The winding road to the clinic and Dr. Self’s home was long and bumpy, three hours from the airport, with over an hour on a winding, stone-laid roads. Many stones had fallen loose, forming potholes and crevices throughout the passage to Santo Tomas la Union, Guatemala, home to Akjun Pa le Qatinimit, or Clinica Medica Cristiana. The clinic serves the local community and surrounding villages; patients often walk, mototaxi, or hop in a friend’s truck to reach the clinic. The clinic is run by Dr. Self, a VCMC graduate, married into the community, who lives just across from the clinic with his wife and three daughters. He has built his clinic into the community, and patients come from the surrounding communities for the high-quality, low-cost services of the clinic.
Dr. Joanne Kim, Dr. Anna Rogers, and myself shared call with Dr. Self, caring for patients during regular clinic hours, but also in the middle of the night, when patients came in for everything from hypotension and severe dehydration, to viral exanthems, medication reactions, and pregnancy. The clinic is both high and low technology, working with limited resources and diagnostic capabilities, but with several high-tech but simple to use interventions. Labs are limited to point of care hemoglobin, electrolyte or blood gas panels (which are limited in number as they are shipped from the United States), and multiple ultrasound machines for imaging, including a small portable ultrasound that served as a constant companion at clinic visits, something I don’t have easy of access to at my own clinic. Despite limitations, Dr. Self and his staff are committed to high quality care in this low-resource setting, and have chosen the highest impact resources to provide this care.
Although I speak Spanish comfortably, I was challenged in my communication skills during my stay. Although many locals speak Spanish, many are most comfortable or primarily speak K’iche, a Mayan language that varies in dialect based on region. I started many of my clinic visits in Spanish only to quickly realize that an interpreter for K’iche would be needed. The clinic staff were indispensable in providing language assistance, and in many cases, cultural context, to many of my clinic visits.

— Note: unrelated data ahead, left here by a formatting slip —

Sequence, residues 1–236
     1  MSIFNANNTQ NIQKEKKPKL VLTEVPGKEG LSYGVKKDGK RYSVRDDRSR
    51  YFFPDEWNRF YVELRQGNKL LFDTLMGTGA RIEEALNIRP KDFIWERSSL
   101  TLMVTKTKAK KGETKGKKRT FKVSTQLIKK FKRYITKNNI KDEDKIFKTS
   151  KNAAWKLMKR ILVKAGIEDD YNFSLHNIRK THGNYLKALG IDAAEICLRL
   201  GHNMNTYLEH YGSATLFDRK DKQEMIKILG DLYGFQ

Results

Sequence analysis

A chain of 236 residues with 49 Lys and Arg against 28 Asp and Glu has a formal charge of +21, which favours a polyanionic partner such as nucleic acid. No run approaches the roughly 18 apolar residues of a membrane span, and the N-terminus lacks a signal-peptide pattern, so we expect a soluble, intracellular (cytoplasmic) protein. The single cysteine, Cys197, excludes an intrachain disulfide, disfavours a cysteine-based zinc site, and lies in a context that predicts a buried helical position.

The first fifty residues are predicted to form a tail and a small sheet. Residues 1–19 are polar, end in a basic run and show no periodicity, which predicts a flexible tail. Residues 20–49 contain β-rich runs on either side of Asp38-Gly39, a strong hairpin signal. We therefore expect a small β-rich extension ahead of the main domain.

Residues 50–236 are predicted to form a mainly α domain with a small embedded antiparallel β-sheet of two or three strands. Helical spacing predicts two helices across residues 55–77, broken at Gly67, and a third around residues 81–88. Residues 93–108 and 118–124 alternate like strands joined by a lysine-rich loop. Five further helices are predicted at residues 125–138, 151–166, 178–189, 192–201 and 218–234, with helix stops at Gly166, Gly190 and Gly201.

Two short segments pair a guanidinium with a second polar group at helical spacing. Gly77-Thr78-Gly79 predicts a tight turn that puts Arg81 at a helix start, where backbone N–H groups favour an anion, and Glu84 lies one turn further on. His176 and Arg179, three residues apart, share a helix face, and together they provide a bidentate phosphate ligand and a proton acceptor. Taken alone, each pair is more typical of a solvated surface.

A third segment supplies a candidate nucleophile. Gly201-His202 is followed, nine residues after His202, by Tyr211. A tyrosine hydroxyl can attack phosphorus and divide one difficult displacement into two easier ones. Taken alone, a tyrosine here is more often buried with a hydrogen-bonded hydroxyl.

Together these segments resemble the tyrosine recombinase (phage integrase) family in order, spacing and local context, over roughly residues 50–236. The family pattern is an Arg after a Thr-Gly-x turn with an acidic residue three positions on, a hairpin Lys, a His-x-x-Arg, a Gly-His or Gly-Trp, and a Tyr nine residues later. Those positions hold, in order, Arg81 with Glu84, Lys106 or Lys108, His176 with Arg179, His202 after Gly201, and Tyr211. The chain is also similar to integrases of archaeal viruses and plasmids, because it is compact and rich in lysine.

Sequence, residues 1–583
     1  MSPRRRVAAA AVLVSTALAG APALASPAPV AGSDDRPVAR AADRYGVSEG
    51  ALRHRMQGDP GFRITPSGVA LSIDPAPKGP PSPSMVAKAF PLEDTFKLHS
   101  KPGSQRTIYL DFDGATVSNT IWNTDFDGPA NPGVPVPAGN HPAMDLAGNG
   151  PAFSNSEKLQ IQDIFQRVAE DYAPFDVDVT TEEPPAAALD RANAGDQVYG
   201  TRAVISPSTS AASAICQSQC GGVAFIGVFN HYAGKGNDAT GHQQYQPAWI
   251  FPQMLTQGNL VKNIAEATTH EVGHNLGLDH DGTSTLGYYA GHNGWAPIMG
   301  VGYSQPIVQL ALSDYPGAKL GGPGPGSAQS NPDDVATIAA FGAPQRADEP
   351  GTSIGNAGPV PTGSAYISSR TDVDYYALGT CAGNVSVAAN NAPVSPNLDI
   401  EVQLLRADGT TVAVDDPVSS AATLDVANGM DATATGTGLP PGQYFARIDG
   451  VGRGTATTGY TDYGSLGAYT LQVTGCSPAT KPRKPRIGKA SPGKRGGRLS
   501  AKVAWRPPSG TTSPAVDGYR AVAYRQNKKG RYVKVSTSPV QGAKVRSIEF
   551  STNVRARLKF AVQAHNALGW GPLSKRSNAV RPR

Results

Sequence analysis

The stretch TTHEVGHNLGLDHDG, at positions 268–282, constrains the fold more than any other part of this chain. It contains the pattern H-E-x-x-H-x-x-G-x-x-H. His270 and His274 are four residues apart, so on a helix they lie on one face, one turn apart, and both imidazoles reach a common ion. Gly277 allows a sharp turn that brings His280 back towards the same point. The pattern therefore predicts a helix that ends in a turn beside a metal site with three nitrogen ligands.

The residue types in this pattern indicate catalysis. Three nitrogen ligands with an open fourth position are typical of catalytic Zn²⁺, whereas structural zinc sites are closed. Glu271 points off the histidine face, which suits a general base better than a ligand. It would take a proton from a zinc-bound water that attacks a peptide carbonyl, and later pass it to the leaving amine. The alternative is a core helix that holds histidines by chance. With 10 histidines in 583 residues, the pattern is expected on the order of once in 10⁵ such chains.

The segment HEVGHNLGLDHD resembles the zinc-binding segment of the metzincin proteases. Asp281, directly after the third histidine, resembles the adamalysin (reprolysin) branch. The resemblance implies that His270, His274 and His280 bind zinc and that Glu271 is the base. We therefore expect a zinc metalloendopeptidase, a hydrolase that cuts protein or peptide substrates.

Teaching and emergency preparedness were vital parts of clinic education. Dr. Self holds education and administrative time for the clinic staff on Wednesday afternoons, allowing for much needed training and enrichment, as although instances of such emergencies are not common, Dr. Self’s clinic takes all comers and emergencies do present themselves. We had the opportunity to participate in and assist with modified NRP and ACLS training sessions, learning how to use the LUCAS chest compression system, and a dirty epinephrine drip. At VCMC, our many healthcare providers are eager to jump in and provide chest compressions, but at Akjun Pa le Qatinimit, where often there is one provider and one nurse, the more free hands the better. I greatly enjoyed applying emergency interventions, usually smoothly running and plethoric with staff in our level 2 trauma center, to a low resource clinic focused on the most life-saving interventions. We also practiced our difficult airway skills.
Overall, Akjun Pa le Qatinimit is a low-resource, but high impact, clinic tucked in the coffee plantations and hills of western Guatemala. Dr. Self has dedicated himself to building a clinic/hospital with the capabilities to providing the highest quality care possible despite low resources, so that quality of care is not predicated by geography.